Voter information stations will soon be available at residence hall desks


Guest columnist Tia Blansett shares her thoughts and experience with ISU’s Department of Residence

Mallory Tope

A new way for students to register to vote is coming soon to residence hall desks, greek life and various places around campus.

Civic Engagement Committee members, Taylor Blair and Sehba Faheem, a senior in biological systems engineering, created a new, simple and low-contact way for students to learn how to vote, register to vote and request a vote-by-mail ballot for this upcoming election. Voter stations will be located at residence hall desks, along with places around campus such as the Memorial Union and the library.

The station will have additional information on how to vote normally and further information on what to do if the university closes before November. The stations will be available early September until the election in November. All of the forms are self-mail and do not need any postage.

“The more people, the more visible voting is and the more accessible it is, the more students will vote,” Blair said.

Community advisors will be given a guide and will hold house meetings to inform residents living in dorms where the stations are located and how to use them.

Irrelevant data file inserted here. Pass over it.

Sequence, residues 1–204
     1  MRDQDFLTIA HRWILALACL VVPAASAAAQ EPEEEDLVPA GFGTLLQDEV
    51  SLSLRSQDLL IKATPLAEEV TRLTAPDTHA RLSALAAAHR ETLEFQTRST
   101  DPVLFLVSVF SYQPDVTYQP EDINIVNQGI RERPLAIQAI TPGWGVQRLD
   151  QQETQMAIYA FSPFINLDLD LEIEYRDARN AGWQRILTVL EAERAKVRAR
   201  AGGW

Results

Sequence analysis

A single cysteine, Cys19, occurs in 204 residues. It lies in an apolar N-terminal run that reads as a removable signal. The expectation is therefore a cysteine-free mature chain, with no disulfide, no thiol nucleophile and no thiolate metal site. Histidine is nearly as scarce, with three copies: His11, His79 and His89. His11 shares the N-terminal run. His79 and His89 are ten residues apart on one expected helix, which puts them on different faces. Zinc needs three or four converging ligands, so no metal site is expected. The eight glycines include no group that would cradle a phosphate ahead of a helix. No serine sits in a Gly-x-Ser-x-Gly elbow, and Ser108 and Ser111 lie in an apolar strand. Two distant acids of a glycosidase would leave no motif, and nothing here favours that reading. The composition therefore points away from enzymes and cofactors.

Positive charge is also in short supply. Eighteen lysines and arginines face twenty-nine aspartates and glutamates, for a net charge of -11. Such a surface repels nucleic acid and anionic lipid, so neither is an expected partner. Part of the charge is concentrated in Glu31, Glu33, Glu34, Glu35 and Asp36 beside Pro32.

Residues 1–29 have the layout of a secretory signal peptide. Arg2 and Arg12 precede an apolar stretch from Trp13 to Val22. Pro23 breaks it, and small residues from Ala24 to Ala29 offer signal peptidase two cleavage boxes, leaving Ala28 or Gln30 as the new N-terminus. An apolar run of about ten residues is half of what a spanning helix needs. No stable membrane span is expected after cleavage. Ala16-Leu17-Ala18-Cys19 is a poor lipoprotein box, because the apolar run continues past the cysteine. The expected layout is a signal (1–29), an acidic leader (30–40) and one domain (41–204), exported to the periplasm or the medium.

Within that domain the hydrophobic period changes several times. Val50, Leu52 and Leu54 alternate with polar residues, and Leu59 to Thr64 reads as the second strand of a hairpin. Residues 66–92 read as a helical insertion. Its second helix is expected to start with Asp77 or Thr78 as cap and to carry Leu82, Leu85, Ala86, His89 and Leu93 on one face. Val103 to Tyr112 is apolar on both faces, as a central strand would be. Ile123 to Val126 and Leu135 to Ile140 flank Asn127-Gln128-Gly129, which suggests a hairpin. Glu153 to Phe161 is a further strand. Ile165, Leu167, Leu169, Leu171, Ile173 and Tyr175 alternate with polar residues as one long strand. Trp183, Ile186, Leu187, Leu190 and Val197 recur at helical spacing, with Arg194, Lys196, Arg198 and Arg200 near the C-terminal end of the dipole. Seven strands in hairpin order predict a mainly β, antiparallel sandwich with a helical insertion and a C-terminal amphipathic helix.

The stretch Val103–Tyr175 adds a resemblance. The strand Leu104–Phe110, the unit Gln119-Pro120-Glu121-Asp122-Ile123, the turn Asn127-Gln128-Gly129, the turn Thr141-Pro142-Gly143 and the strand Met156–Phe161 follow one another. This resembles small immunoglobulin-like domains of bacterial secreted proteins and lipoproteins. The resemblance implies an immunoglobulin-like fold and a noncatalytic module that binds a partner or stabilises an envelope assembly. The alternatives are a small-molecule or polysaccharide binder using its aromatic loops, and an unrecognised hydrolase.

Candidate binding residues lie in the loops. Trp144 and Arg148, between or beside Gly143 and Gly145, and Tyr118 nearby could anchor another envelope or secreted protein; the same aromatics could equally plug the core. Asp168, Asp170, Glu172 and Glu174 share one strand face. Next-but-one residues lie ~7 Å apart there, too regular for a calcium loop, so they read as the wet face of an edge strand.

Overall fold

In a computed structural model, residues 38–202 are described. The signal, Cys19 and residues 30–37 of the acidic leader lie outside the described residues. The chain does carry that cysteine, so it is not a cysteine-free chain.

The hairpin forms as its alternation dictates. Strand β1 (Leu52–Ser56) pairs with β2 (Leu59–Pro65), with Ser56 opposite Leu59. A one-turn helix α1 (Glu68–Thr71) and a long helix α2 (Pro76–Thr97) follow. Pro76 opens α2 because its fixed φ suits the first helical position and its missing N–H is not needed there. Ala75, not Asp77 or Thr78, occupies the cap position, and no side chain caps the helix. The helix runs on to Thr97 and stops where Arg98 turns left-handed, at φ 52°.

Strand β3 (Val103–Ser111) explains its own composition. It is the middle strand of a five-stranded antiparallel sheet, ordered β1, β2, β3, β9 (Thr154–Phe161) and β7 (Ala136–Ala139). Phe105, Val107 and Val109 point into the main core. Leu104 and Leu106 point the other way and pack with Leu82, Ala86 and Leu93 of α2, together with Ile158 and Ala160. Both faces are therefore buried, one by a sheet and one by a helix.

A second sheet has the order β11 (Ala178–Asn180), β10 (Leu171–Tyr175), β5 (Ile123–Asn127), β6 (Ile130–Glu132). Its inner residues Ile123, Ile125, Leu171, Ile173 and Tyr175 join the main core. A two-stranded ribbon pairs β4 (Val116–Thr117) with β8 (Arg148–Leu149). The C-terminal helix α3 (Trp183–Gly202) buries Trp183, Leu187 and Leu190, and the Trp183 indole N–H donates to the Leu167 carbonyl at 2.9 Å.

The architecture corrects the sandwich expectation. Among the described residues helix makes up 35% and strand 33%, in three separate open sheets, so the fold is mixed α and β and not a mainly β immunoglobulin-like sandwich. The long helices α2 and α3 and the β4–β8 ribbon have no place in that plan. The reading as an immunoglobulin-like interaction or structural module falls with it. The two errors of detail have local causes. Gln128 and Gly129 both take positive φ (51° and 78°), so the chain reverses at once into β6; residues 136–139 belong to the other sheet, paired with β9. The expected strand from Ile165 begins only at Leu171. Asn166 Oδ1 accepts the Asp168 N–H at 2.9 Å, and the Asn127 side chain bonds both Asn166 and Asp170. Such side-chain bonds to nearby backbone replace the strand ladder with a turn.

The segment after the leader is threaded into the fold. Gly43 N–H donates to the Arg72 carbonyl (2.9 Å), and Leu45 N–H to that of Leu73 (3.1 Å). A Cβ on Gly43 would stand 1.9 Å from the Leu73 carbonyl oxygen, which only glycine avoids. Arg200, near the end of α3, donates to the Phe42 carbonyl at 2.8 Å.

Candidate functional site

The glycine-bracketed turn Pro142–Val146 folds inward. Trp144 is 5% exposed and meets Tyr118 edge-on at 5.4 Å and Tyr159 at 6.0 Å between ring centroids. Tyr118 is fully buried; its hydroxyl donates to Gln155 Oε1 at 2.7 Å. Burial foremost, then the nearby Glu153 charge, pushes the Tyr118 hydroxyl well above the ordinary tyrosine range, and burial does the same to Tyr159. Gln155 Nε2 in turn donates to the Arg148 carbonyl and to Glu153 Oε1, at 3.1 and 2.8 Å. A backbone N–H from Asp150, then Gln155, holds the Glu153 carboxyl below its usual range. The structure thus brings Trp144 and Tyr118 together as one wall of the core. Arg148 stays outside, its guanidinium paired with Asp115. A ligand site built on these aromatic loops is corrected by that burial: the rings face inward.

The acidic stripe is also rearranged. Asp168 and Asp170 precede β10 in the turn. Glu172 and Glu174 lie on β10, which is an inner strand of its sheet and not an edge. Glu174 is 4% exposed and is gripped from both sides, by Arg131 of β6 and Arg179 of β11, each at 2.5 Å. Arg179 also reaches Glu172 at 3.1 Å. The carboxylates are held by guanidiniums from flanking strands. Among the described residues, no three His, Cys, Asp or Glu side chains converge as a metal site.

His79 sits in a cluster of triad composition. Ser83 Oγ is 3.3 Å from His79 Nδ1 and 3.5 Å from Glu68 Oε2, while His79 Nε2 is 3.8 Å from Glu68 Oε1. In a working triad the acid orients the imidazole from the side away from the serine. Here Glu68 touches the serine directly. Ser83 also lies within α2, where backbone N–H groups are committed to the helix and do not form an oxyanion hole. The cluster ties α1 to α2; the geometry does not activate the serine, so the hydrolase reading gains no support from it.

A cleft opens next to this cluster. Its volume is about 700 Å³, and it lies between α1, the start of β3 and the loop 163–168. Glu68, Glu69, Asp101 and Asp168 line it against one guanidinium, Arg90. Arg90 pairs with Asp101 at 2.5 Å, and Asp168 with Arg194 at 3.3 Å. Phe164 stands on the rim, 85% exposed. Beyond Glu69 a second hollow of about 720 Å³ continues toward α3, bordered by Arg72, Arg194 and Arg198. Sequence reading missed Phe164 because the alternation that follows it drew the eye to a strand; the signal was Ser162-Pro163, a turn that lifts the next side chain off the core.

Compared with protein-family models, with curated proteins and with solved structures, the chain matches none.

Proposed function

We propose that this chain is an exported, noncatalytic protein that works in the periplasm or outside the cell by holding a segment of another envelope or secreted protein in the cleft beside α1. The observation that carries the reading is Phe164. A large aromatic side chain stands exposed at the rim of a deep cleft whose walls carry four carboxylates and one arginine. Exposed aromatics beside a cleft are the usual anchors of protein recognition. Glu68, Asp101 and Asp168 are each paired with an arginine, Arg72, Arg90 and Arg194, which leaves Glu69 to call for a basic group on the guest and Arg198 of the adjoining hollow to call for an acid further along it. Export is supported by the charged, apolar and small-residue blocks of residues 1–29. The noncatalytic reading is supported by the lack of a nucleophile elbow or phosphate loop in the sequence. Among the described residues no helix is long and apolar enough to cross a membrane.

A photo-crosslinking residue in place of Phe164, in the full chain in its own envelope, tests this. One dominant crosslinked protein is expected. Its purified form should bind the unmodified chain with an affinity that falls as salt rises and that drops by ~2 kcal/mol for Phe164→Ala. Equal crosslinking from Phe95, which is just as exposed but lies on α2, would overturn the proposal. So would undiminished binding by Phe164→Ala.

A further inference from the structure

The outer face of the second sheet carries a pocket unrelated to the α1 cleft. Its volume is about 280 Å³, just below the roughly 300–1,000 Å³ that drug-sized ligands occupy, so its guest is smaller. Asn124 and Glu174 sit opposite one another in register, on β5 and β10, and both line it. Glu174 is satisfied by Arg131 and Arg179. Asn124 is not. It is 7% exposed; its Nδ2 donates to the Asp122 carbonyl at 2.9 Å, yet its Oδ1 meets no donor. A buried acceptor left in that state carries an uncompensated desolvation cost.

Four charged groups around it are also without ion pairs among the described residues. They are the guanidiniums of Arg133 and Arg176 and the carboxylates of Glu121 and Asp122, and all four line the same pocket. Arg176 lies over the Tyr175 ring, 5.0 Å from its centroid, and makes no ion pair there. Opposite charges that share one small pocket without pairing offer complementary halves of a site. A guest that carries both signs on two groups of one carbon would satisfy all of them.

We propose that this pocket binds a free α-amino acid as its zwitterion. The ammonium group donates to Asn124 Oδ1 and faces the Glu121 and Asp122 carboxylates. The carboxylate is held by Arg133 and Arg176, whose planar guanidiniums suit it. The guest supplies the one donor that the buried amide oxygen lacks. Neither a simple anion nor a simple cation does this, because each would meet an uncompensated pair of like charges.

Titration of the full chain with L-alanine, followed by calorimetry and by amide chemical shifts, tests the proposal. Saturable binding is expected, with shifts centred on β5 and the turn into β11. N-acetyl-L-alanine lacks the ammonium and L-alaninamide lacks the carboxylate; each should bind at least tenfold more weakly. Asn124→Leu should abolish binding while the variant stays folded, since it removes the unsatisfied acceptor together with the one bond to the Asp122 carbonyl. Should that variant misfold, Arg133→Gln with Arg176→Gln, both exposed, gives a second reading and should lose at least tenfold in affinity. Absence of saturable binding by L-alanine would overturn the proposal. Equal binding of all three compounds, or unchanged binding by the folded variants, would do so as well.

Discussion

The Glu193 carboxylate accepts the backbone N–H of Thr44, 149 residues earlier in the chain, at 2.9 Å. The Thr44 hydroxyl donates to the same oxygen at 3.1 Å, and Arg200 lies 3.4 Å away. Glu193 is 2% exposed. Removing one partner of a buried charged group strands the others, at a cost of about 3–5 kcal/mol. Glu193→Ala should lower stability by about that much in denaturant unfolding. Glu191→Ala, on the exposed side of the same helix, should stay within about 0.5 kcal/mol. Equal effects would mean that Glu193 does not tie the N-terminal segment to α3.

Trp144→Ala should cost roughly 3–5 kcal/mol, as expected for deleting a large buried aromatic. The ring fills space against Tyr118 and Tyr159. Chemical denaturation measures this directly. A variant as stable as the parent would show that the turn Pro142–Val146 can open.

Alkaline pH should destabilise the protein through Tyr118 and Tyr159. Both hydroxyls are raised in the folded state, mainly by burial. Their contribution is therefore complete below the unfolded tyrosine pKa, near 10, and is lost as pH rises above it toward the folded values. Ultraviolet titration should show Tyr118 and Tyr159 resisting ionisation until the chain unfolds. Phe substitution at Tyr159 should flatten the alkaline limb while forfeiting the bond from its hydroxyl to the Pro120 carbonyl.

“So many students live in dorms and a lot of young people don’t necessarily know voting laws and because voting is tied to residency, it just makes sense to put voting information where people live,” Blair said.

Mailers with information on voting and requesting a vote-by-mail ballot will be sent to apartments such as Frederiksen Court and University Village, Faheem said.

According to Faheem, many organizations on campus have tried to create something similar for students to have easy access to voter information and registration but have had roadblocks.

The project originally began in February but was placed on hold due to COVID-19, but Blair and Faheem worked over the summer to make the stations possible for this fall. The original plan was to have information about the stations given at move in, but due to COVID-19, the move-in process changed, Faheem said.

The Department of Residence, Catt Center, Voter Everywhere, League of Women Voters and the Story County auditor helped fund and finalize the information provided on the stations.

“Voting might get dicey for students if the university goes online and so I would recommend students really familiarize themself with the rules and register to vote early, request absentee and vote early, the earlier the better,” Blair said.